If you have the kind of job that can be done by someone who’s only semiliterate in English and works for $4/hour, by all means go over to Elance and hire them. If the most important thing to you is to pay as little as possible, we probably don’t have much to talk about.

But if effective communication matters to you and you want anything produced in your name to enhance your company’s reputation rather than destroy your credibility, I want to hear from you.

Who Hires Writers?

Even though ghostwriters may be most familiar in the context of celebrity autobiographies, less-famous people hire ghostwriters all the time. You might need a professional writer if you fall into one of these categories.

  • Your growing company doesn’t yet have an internal communications (or even a PR) department.
  • You do have a communications department, but they’re stretched to the limit and you need a specialized job done.
  • You can’t work on your book full-time because you have to run your business.
  • You’re an acclaimed public speaker but freeze up when you sit down at a keyboard.
  • You’re adapting a highly technical or scholarly work for a general audience.
  • English is not your first language, but it’s the language you do business in.

Most Likely to Succeed

Some of my best clients have been sole proprietors—and some have been divisions of corporations. It’s taken a bit of thinking to decide what they have in common, but I’ve identified a few qualities that tie them together.

  • You’re an expert, or you lead a team of experts, and there are people who need to hear what you have to say, because you can help them solve their most pressing problems.
  • You know that the old adage “Publish or Perish” is just as true in business as it ever was in academia—and that the explosion in blogs, e-books, and other online forums for communication only increases the pressure.
  • You know that maintaining open lines of communication with your customers, vendors, partners, and investors is critical in this age of transparency.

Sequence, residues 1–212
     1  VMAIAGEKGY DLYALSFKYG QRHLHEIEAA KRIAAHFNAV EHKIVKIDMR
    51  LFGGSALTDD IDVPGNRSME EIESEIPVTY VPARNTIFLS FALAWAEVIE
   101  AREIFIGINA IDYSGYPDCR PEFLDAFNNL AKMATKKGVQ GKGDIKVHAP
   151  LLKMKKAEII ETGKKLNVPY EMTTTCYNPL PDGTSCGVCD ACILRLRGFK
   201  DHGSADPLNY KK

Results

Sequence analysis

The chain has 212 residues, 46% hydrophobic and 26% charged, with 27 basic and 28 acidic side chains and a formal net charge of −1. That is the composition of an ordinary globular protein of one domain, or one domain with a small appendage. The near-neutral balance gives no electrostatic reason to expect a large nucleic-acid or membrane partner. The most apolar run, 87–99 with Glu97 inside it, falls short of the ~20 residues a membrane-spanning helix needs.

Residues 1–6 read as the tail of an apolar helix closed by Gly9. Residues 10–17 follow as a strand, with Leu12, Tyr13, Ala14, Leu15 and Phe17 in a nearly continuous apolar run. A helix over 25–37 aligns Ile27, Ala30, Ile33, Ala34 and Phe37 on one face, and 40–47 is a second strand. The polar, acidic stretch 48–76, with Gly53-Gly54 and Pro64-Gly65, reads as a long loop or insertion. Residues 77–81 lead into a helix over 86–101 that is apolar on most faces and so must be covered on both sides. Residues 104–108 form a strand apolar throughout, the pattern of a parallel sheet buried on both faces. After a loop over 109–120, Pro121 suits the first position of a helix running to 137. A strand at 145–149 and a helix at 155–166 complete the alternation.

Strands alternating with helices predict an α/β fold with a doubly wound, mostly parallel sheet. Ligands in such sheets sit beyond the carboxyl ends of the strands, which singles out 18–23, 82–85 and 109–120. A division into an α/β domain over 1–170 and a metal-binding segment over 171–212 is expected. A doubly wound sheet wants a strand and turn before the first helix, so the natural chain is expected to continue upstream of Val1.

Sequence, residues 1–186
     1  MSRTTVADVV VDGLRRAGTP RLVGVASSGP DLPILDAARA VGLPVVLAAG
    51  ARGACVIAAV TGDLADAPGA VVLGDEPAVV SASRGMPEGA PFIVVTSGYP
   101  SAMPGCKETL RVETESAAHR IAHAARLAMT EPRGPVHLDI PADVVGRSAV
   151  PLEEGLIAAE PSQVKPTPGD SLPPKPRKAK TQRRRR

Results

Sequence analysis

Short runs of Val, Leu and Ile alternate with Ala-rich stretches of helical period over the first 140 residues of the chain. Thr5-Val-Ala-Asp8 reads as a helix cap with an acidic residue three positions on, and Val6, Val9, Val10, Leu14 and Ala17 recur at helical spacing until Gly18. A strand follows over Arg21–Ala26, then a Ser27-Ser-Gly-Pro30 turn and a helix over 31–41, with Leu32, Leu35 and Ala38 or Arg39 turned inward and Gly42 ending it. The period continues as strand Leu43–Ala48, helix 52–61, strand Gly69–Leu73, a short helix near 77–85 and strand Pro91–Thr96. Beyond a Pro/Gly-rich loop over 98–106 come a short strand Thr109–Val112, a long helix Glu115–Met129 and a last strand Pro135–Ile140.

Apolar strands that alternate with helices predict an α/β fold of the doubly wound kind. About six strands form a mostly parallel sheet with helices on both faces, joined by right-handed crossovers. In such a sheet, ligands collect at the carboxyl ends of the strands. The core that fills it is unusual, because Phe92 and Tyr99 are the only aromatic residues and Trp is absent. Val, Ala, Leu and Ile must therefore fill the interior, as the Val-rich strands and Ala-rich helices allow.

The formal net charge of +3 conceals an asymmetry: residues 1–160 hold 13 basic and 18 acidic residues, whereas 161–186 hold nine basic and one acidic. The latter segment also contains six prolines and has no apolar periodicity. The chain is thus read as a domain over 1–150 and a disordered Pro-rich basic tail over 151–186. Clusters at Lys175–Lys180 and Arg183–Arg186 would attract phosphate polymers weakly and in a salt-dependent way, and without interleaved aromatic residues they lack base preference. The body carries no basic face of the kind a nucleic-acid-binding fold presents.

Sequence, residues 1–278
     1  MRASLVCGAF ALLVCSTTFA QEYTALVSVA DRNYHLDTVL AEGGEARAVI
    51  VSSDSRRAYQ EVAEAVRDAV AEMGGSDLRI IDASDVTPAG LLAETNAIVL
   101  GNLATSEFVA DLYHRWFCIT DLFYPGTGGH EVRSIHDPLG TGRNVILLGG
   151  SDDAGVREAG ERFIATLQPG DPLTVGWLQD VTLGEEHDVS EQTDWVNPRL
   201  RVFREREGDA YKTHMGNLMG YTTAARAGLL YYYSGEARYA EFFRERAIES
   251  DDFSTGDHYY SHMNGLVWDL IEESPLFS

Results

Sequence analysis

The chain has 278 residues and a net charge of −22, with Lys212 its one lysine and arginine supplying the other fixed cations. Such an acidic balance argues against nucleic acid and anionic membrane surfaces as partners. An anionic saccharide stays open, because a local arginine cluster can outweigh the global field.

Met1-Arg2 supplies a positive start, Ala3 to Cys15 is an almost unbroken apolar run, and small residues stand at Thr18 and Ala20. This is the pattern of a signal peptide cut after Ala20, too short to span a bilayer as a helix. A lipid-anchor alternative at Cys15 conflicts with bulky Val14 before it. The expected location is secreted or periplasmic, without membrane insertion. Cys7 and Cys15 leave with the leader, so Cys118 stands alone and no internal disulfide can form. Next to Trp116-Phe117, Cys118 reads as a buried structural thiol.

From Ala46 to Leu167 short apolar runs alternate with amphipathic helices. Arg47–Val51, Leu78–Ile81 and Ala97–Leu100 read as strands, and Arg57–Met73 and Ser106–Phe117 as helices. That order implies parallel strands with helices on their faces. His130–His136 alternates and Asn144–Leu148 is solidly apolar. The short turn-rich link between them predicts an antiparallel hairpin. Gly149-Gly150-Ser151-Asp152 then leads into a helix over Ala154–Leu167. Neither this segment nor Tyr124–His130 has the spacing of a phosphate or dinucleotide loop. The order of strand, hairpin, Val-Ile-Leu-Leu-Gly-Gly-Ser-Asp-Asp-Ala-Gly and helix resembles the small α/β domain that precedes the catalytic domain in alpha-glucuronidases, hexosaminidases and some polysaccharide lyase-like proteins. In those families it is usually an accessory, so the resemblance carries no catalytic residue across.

• You already have management’s approval and a budget for your writing project.
  • You have an overall strategy and know where your writing projects fit into it.
  • You enjoy collaborating and value an outside perspective.
  • You want to work with someone who cares about helping you achieve your goals and look like a hero to your boss or clients.

If You Want to Write a Book

“Fit” or rapport is more important for ghostwriting books than for any other writing work, because of the depth as well as the length of the project. Ghostwriting is an intimate process; the ghost has to get into the mind of the author, and that can’t happen without some shared values and emotional resonance. So there’s not really a way to know whether we’ll work well together without meeting—at least by video chat, and preferably in person.

Before we go that far, however, we can get a few things straight. People have more misconceptions about book writing and publishing than any other aspect of hiring a writer. So to avoid wasting your time, I’ve put together a list of characteristics that make a good book writing client.

  • You recognize that books, like other written content, are most valuable as marketing tools.
  • You’re looking for a professional writer on a work-for-hire basis, not a co-author to share royalties.
  • You want someone who can write in your “voice” and convey your ideas faithfully.
  • You’re prepared to spend between $5,000 and $25,000, depending on the length and complexity of the project.
  • You’ve done your homework about the realities of publishing today and remain confident that your book will repay your investment even if you never get on “Oprah” or the New York Times bestseller list.
  • You realize that hiring a ghostwriter doesn’t always mean less work: unless you are available to answer questions, check facts, and review drafts, the project won’t get done on schedule.

What to Do Next